Last Night on Earthâ€™s latest expansion, Timber Peak, is a standalone game that adds new scenarios, characters, and chaos to the endless struggle between the humans and the zombies. You thought you could escape town and head for a remote mountaintop to get away from the walking dead? You were wrong.
Twilight Creations’ Zombies!!! franchise keeps shambling along. The latest standalone expansion, Death Inc., offers an new win condition, adopts some popular house rules for faster play, and has better graphic design than earlier expansions. If you’ve ever thought, “Hey, a zombie apocalypse would be a perfect chance to make a corporate power play,” then get those TPS reports done — we’ve got some zombies to kill!
The alien conspiracy thing was a bit of viral marketing, of course, but Privateer is still keeping their new post-apocalyptic science-fiction property, Level 7, close to the vest. Here’s everything we know so far. Continue reading
Wizards of the Coast’s board game department has a pretty solid batting average, and Lords of Waterdeep is another home run (but not quite a grand slam). As one of the masked lords, you’ll work through your agents to hire adventurers, complete quests and secure your political power within the City of Splendors.
Zombies!!! is a pretty straightforward game of escaping zombie hordes and getting out before your fellow humans do. It moves fast and has simple D6 mechanics. If you want something a little deeper from your Zombies!!! experience, there’s a free RPG conversion.
The Legend of Drizzt is the third entry in Wizards of the Coast’s series of D&D based board games. It uses the same basic mechanics as the first two, but adapts the game to the Forgotten Realms, using all the major characters from R.A. Salvatore’s novels instead of generic heroes and villains.
There are solitaire games that you play by yourself, and then there are solitaire games you play with others. Sure, the box says, “For 3-6 players,” but really everyone at the table is playing her own game, developing resources and working toward some goal without directly influencing the other players in any significant way. You might hear them referred to as “group solitaire,” “non-interactive,” or “fishbowl” games. This is considered a classic sign of bad game design, but it’s actually a very interesting and useful concept. Here are some ideas on how to avoid it, how to fix it, and when it works just fine.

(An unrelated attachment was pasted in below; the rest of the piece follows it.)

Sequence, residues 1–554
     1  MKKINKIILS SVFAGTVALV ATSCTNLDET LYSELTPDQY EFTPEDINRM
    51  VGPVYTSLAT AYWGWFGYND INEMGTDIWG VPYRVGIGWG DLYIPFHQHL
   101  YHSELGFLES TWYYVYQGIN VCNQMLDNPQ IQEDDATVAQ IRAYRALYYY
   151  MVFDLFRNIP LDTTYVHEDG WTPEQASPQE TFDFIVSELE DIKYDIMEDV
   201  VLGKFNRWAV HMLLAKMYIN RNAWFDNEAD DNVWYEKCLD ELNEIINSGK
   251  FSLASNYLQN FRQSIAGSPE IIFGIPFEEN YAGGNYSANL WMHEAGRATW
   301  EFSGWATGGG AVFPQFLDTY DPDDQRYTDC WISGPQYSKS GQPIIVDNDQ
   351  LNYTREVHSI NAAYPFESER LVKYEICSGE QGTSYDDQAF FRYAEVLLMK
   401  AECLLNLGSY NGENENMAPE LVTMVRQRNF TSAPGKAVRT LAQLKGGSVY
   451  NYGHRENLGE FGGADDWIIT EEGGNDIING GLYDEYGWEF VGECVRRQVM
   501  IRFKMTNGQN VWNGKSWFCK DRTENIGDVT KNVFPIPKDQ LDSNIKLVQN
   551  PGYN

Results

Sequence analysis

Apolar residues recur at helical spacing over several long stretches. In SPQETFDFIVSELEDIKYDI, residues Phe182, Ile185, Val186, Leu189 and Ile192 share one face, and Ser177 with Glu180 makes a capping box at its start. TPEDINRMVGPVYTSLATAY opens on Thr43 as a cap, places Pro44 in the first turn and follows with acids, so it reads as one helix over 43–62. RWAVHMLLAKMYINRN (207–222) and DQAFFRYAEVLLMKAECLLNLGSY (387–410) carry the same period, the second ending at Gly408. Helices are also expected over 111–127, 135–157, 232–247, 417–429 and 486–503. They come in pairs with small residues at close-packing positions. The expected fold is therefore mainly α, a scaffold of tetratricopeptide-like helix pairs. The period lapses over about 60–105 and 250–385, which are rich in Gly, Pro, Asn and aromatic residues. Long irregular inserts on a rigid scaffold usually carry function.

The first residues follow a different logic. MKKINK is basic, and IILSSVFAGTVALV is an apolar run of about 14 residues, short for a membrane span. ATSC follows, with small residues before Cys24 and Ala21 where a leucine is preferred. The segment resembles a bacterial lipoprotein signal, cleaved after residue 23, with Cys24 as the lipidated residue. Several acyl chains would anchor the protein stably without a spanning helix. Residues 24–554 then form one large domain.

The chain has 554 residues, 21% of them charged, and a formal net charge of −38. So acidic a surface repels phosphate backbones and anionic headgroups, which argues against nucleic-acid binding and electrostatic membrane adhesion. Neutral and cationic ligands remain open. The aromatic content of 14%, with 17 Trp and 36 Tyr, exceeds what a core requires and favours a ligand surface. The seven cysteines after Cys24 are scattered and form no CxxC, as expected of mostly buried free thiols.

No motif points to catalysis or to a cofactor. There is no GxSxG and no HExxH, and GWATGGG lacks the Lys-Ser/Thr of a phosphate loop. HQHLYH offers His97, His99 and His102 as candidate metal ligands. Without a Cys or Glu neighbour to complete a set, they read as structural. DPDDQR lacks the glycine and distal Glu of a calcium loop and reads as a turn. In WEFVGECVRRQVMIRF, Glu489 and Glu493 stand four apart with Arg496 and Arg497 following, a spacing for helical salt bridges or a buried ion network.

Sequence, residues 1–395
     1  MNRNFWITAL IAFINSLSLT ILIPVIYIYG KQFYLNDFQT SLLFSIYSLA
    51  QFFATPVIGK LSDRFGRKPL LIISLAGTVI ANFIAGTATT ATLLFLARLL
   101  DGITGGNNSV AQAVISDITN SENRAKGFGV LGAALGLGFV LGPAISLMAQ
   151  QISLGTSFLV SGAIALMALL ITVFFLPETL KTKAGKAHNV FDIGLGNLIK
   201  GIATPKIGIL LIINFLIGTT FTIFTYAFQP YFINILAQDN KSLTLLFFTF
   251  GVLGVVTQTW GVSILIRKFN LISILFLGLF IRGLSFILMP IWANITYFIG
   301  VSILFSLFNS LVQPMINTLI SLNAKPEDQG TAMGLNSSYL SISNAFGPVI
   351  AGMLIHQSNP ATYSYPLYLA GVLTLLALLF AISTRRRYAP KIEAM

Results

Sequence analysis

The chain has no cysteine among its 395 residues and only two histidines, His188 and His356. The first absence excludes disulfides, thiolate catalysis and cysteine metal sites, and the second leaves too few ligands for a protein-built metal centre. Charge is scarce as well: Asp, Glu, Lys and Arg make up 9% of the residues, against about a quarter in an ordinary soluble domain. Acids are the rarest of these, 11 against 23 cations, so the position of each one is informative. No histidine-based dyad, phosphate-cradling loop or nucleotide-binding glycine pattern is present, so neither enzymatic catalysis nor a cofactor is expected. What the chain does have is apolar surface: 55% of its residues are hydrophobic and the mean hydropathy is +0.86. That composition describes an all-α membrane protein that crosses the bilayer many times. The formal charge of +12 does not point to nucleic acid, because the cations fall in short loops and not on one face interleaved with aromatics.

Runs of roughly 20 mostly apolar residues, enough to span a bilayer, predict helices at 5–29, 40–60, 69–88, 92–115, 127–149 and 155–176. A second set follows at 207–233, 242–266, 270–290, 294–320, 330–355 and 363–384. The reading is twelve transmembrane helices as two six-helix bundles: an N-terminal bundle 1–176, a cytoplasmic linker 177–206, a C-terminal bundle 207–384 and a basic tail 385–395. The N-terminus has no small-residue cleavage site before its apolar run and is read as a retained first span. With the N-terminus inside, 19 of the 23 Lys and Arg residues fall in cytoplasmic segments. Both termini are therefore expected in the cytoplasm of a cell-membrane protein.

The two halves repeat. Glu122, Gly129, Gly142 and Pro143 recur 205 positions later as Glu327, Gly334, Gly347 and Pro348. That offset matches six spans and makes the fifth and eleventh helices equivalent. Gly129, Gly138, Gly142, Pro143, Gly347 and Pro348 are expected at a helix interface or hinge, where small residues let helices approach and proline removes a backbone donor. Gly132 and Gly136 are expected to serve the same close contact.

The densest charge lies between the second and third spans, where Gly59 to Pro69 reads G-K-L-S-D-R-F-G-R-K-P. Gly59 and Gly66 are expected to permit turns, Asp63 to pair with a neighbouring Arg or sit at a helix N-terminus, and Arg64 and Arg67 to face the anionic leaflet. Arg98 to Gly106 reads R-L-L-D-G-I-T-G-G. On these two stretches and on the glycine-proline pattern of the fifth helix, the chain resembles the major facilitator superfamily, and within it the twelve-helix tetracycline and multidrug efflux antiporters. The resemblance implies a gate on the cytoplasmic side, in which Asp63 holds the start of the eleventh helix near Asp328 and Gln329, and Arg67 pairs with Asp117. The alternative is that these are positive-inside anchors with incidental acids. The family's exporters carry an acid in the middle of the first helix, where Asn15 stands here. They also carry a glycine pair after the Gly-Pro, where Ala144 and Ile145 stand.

Settlers of Catan has plenty of expansions that change the dynamics of the game, forcing the players to work together, putting a focus on exploration, or drawing emphasis to a certain section of the map. A new variation from publisher Mayfair Games will add a new wrinkle to the basic game, allowing some players to get a boost from their oil fields at the possible cost of ruining the entire island of Catan.
If you make your living designing games (or just dream that you do), the Kobold Guide to Board Game Design is money in the bank. It is packed cover to cover with incredibly useful information on every aspect of game design, written by the most creative, insightful and experienced minds in the gaming industry.
Spectral Rails by Z-Man Games is a railroad game in which the players send their ghost trains around the old west in search of souls. Instead of building the tracks ahead of you to travel on, your trains leave a spectral wake that other players can ride, but blocks your own train. It’s an interesting twist on the genre, but the game ultimately didn’t capture my interest.
After a full, four-person playtest of Conquest of Nerath, we can confirm one thing about the initial review: it’s awesome and ridiculously fun. We did spot one potential balance issue that you might want to consider homeruling, however.
With Conquest of Nerath, Wizards of the Coast conjures another successful board game, this one with an entirely different game engine than their prior dungeon adventure efforts. If you enjoyed conquering the world with plastic armies in endless games of Risk as a kid, imagine that game infused with fantasy flavor, strategic depth, exciting random events and a variety of unit types. So, imagine something way better than Risk.
Last year, Wizards of the Coast dove into the high-end board game market with the massive Ravenloft box. The second in the series, Wrath of Ashardalon, continues and expands the fun with tight rules and a metric ton of odds and ends that will keep you replaying it for years.